CAMEROON – Cameroon has launched the CFAF65 billion (US$119.7m) Livestock and Fish Farming Value Chain Development Project (PDCVEP), aimed to boost the competitiveness of the beef, pork, and fish sectors.

The initiative has been funded through a loan injection of CFAF55 billion (US$101.3m) from the African Development Bank (AfDB) and capital contribution of CFAF10 billion (US$18.4m) by the Government of Cameroon.

The PDCVEP is scheduled to run for the next five years, targeting to improve producers’ income and create job opportunities in the beneficiary segments, reports Business in Cameroon.

To achieve these goals, 15 million grass seed straws, 1,000 frozen embryos (for the production of 500 calves), cattle semen, and high-yielding piglets will be produced and distributed.

In the framework of the project, the farmers will also be trained on artificial insemination techniques and cattle fattening, while over 350 young people will be supported in the development of animal farming businesses through credit facilitation.

AfDB contribution will help achieve 9.3% growth rate assigned to the sector

According to AfDB, the poultry, beef, pork, and fish sectors are among the major contributors of the country’s economic growth and that its financial support will likely help achieve the 9.3% growth rate assigned to the sector.

However, the genetic performance of the cattle and pig breeds used is still not of desirable qualities. To this end the PDCVEP will take measures to improve the genetic inputs and feeds used.

As for the fish sector it was selected as its imports constitute the second largest expenditure in the country’s import bill after petroleum products.

Animal feed prices in Kenya rise

Meanwhile in Kenya, the livestock sector is currently grappling with soaring costs of feeds, on the back of rising maize prices, which forms 80 percent of the raw materials used.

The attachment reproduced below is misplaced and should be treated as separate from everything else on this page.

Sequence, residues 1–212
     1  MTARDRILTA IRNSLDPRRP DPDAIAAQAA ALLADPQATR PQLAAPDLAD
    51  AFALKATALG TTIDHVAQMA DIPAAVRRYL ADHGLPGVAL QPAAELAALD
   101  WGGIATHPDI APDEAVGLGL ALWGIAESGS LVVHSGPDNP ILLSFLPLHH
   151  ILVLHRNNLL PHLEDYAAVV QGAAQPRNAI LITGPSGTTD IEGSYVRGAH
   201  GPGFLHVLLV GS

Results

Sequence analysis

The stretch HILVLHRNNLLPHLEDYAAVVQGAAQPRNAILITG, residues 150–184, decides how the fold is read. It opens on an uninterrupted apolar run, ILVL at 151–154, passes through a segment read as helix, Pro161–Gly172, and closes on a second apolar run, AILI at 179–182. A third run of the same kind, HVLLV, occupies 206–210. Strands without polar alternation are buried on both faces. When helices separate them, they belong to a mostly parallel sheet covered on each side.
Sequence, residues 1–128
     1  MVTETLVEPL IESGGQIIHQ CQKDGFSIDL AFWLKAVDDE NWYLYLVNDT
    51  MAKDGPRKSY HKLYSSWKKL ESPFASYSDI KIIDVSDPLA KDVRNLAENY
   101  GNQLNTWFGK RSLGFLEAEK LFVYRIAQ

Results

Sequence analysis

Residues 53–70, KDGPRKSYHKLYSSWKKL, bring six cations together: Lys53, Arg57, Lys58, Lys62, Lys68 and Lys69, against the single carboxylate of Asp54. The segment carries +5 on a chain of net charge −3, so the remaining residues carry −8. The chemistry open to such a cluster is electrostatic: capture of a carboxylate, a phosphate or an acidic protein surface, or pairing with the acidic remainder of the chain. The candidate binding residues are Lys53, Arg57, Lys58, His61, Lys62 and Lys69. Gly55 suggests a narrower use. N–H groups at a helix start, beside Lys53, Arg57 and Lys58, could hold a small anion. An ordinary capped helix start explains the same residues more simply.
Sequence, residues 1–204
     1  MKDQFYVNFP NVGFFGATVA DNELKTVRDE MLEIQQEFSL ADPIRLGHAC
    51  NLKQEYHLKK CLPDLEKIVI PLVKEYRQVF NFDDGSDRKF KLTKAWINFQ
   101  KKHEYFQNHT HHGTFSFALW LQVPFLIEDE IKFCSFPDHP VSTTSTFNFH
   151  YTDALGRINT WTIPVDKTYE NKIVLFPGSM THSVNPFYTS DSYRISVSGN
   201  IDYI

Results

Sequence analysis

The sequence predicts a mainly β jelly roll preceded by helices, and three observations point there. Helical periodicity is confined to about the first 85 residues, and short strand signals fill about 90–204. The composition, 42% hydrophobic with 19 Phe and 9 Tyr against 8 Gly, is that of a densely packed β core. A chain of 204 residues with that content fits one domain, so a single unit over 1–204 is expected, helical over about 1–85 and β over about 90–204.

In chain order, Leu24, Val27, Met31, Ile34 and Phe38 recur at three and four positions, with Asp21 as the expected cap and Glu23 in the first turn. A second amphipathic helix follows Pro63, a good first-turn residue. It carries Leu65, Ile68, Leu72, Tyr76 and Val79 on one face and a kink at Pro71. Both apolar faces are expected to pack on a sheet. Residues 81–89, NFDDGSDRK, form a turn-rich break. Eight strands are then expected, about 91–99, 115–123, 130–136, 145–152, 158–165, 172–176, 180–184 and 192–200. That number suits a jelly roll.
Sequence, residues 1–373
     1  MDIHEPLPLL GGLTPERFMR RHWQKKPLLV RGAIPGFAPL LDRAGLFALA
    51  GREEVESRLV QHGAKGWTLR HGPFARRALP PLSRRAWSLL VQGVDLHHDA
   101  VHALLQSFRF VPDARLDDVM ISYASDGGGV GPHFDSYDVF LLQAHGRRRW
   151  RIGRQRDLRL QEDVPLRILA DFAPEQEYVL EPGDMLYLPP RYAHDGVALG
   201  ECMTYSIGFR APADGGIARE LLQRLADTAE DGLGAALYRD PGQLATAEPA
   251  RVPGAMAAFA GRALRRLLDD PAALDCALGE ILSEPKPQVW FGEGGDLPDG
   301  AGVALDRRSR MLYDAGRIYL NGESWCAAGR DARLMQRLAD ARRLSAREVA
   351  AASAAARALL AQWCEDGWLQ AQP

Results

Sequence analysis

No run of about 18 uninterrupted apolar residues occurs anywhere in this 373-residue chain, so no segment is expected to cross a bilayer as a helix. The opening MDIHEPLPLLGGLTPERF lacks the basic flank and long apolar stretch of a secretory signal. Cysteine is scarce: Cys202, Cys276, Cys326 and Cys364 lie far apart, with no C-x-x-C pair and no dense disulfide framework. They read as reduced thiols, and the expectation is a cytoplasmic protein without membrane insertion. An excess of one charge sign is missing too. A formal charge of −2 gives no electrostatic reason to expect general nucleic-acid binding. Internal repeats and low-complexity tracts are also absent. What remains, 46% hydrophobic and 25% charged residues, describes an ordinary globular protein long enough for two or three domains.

“We have witnessed a sharp hike in the cost of maize within a very short time with the price of raw material across the board going up by 40 percent.”

Mr Joseph Karuri – Chairman of the Association of Kenya Animal Feeds Manufacturers

The cost of a 90-kilogramme (kg) bag of maize has crossed the Ksh3,000 (US$27) mark for the first time since beginning of the year, from a low of Ksh2,500 (US$23) following restrictions of grain coming in from Uganda, reports Business Daily.

Mr Joseph Karuri, chairman of the Association of Kenya Animal Feeds Manufacturers said the cost of animal meals would be reviewed following the sharp rise in the maize price.

“We have witnessed a sharp hike in the cost of maize within a very short time with the price of raw material across the board going up by 40 percent,” he said.

Mr Karuri said most millers are at the moment concerned with breaking even to pay their workers and keep on running their entities other than making profit.

Processors are also grappling with an increase in cost of key supplements such as sunflower cake that has gone up from Kh18 (US$0.17) last year in April to Ksh45 (US$0.42) for a kilo. Soya has increased from Ksh55 (US$0.51) to Ksh80 (US$0.74) for the same quantity with a kilo of wheat bran going up from Ksh12 (US$0.11) to Ksh23 (US$0.21).

Most of these supplements are imported from Tanzania, Uganda and Malawi, and a weaker shilling against the dollar has made the matters worse.

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